Monday, September 20, 2010

Gnocchi, a holding your hand the whole way through experience.

Begin with bakers potatoes.
I like 6, washed, seasoned, NO TIN FOIL because I enjoy a crispy shell for the next stage.
Put in the oven for 55 minutes @ 375 until completely cooked through.
Once cooked, remove from the oven and let rest for 2.5 minutes.
This is why I like the crispy skin.
Halve the potatoes. Rest again for 2 minutes to allow the steam to dissipate (creating less gluten later on). Using a spoon, dig out all the potato making sure to omit the skin. Place the harvested spud into a ricer and rice the dickens out of it.
One of the very few times I will actually measure ingredients in a savoury kitchen.
Tare the scale to include a bowl. Add the potato.
Here it weighs 125gr. The ratio to A.P. flour is 3:1 (P to A.P.).
So therefore...

Da dada DAAAHHH!
The total weight of both is 166g!
This is a pic of me mixing it all together.
Actually, we are moving ahead too fast here.
First, after properly measuring, you need to add egg. This is why I prefer to use 6 average potatoes, because typically it yields 750g. and will feed 6 people comfortably.
750g. of potato (or 1kg with A.P. Flour) is PERFECT for 1 large egg. Anything over 950g., and you have to play around for the right texture.
So, in the bowl, add the egg, kosher salt to taste, a pinch of grated nutmeg (I like a fair bit for layered flavours), and parmesan-reggiano (I use a small handful).
Mix with confidence and do it fast. Stop just when you have a completely binded dough. Do NOT over mix or the texture will suck and you might as well get someone to actually hold your hand as you try this.
Like this. Moist enough that it collected all the flour in the bowl, but dry enough that I can touch it without it sticking to me.

Rolling the dough out.
I gently flour a cutting board for each roll.
I like a diameter roll of about 3/4 of an inch. I like gnocchi big and hearty.
Roll in moderation for the most consistent results.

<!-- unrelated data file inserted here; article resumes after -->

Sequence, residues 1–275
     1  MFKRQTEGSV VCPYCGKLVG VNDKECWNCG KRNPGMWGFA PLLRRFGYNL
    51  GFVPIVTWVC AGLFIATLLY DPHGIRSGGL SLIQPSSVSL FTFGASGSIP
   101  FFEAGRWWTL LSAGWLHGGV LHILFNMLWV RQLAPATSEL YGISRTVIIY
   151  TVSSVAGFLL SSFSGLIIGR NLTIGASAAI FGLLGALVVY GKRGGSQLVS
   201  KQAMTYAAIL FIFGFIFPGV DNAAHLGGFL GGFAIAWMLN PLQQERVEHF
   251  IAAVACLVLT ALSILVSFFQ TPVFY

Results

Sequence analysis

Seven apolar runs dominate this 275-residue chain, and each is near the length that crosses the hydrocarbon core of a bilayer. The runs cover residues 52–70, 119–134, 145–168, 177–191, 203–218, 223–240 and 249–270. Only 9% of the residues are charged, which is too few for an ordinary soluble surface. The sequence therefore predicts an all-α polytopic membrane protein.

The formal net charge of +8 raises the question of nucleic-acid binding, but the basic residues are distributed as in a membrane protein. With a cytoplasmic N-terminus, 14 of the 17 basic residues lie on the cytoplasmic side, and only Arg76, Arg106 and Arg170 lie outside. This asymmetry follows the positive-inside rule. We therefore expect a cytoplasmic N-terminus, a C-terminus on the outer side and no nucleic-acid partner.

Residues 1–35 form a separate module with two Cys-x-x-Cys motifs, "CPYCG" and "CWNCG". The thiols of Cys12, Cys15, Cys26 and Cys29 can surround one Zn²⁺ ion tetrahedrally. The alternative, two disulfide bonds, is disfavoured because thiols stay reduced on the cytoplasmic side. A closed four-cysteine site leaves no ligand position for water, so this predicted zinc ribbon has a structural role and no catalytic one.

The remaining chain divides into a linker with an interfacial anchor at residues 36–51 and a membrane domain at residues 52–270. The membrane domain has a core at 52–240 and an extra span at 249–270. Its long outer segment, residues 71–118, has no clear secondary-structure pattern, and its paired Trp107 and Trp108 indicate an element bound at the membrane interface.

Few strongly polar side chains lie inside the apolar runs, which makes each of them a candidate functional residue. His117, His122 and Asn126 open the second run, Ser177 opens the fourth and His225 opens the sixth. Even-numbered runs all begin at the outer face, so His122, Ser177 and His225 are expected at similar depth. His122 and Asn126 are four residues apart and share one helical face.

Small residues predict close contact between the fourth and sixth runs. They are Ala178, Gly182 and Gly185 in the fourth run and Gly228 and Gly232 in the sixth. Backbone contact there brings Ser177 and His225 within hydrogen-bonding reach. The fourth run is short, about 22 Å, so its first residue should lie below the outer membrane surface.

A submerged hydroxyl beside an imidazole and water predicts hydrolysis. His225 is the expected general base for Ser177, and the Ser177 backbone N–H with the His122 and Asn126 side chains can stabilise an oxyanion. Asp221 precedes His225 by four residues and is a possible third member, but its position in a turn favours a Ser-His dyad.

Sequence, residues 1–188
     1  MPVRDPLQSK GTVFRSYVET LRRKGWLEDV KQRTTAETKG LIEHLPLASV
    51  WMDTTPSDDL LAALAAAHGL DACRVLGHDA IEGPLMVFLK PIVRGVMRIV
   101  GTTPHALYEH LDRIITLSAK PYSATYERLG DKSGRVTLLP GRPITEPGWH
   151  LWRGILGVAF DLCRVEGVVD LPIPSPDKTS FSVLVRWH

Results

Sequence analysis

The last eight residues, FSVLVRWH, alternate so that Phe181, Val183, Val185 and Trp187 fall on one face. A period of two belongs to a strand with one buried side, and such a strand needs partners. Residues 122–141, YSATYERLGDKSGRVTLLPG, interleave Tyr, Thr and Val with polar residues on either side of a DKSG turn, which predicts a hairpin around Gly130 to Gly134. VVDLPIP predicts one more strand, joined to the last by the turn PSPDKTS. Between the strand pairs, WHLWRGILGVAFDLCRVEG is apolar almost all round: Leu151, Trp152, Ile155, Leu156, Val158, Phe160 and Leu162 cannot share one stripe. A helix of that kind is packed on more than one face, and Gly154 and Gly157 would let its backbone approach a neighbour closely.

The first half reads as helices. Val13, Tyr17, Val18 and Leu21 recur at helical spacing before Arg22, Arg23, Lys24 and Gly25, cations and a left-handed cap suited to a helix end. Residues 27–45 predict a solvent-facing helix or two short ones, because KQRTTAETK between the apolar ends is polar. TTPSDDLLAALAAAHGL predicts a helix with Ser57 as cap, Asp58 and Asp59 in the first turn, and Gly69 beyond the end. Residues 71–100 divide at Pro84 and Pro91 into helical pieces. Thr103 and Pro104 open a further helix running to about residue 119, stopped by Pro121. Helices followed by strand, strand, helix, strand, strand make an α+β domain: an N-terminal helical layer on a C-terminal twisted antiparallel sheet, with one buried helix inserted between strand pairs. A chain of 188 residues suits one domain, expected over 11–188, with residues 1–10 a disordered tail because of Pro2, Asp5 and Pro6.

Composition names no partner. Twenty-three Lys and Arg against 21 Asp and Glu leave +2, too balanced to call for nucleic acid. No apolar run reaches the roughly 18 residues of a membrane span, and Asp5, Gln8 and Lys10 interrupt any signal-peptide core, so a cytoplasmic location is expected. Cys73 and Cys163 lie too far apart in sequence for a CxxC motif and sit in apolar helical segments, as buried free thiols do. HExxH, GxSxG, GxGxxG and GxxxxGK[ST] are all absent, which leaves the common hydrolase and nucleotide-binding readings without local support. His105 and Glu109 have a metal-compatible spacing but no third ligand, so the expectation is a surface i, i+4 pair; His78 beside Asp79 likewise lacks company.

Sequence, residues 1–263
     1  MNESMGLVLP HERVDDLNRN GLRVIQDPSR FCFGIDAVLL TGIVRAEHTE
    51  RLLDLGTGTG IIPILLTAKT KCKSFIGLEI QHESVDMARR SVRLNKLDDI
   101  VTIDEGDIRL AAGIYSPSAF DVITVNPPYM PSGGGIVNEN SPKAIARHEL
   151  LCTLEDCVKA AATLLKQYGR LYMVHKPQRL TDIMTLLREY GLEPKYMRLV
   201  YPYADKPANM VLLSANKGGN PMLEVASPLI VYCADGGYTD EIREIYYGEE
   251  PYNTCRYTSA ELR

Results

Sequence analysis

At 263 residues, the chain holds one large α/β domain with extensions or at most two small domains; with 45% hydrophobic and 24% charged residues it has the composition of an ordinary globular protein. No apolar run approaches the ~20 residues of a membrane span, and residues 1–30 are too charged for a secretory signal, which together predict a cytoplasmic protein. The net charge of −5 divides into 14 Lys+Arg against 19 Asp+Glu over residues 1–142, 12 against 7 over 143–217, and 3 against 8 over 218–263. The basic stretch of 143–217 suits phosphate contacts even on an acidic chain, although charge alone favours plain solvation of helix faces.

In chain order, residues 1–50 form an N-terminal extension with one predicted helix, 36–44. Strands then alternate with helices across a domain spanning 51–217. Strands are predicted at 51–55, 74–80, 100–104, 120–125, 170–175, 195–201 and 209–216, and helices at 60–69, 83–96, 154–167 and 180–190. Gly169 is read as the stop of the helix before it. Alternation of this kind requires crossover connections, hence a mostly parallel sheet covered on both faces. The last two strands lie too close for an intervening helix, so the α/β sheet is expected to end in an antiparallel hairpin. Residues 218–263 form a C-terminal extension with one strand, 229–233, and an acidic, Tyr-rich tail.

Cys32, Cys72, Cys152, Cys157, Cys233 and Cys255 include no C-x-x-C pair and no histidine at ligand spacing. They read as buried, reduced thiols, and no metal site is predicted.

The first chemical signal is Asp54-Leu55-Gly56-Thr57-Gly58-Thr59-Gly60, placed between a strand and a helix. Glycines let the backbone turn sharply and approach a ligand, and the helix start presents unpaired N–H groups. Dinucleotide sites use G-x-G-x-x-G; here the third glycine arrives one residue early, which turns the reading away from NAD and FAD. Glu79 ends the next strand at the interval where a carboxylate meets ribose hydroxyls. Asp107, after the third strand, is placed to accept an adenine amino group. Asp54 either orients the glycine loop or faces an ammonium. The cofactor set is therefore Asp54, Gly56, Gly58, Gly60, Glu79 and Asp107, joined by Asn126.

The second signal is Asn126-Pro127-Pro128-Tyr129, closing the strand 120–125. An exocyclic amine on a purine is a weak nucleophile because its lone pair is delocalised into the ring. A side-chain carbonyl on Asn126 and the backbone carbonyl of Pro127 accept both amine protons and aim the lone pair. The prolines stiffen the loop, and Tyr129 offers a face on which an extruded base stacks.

Note the even rolliness and shape and awesomeness. Still brings tears to my eyes.
Cutting the gnocchi.
A) I use the heel of my sharp mac, because it makes the cleanest cut.
B) I put the end tips back into the original dough, otherwise they will look different.
C) After cutting, I place the gnocchi onto saran wrapped, floured hotel pans as a reserve before blanching.
D) The first cut gnocchi goes immediately into the salted boiling blanching pot to taste test. Season accordingly here if you need to.
Gnocchi before blanching.
Note the smooth texture of the surface. If this was too dry, it would show cracks and grooves. Too wet, and it would almost appear half melted and have a "soaked finger" look to it.

Mark Anins blanching the gnocchi.
Make the effort to ensure that the blanching water is salted and at a hard boil by the time you are ready to blanch. It is important to give gnocchi the fastest blanch time possible for texture purposes.
45 seconds later.
It's easy to tell when the gnocchi is finished as it rises to the surface.
Right away shock the pasta in a salted ice bath.
A fun fast tip; the gnocchi will sink to the bottom. Use a slotted spoon to remove the ice first before straining out the gnocchi. Trust me, you save 5 minutes here.
To hold, roll the gnocchi in the best olive oil your chef will buy and reserve in one layer on saran.
The end result.
Remember a little bit of gnocchi goes a long way.

I love gnocchi. First time I had it I was 20 and close to Pompeii, Italy. I still remember being shocked at how filling it was.
I have a ricer at home from the late 1950s and I really feel a sense of authenticity every time I bust it out to make gnocchi.
I have found a new purpose for this blog; not just to showcase what is new, but also to document what I think is best. In this way, the site becomes a reference to look up how something was prepared in the past.

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